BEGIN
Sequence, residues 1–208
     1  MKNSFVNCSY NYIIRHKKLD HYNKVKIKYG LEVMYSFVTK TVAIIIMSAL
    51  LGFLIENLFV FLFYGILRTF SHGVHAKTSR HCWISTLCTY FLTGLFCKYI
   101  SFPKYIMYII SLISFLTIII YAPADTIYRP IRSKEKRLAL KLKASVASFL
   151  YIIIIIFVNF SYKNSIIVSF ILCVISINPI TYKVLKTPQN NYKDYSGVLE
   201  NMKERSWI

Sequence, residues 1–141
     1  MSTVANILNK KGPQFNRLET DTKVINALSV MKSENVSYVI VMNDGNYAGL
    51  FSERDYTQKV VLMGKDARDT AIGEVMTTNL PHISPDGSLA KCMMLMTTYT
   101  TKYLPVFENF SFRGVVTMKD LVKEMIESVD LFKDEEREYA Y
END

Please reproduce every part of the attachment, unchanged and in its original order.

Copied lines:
Sequence, residues 1–208
     1  MKNSFVNCSY NYIIRHKKLD HYNKVKIKYG LEVMYSFVTK TVAIIIMSAL
    51  LGFLIENLFV FLFYGILRTF SHGVHAKTSR HCWISTLCTY FLTGLFCKYI
   101  SFPKYIMYII SLISFLTIII YAPADTIYRP IRSKEKRLAL KLKASVASFL
   151  YIIIIIFVNF SYKNSIIVSF ILCVISINPI TYKVLKTPQN NYKDYSGVLE
   201  NMKERSWI

Sequence, residues 1–141
     1  MSTVANILNK KGPQFNRLET DTKVINALSV MKSENVSYVI VMNDGNYAGL
    51  FSERDYTQKV VLMGKDARDT AIGEVMTTNL PHISPDGSLA KCMMLMTTYT
   101  TKYLPVFENF SFRGVVTMKD LVKEMIESVD LFKDEEREYA Y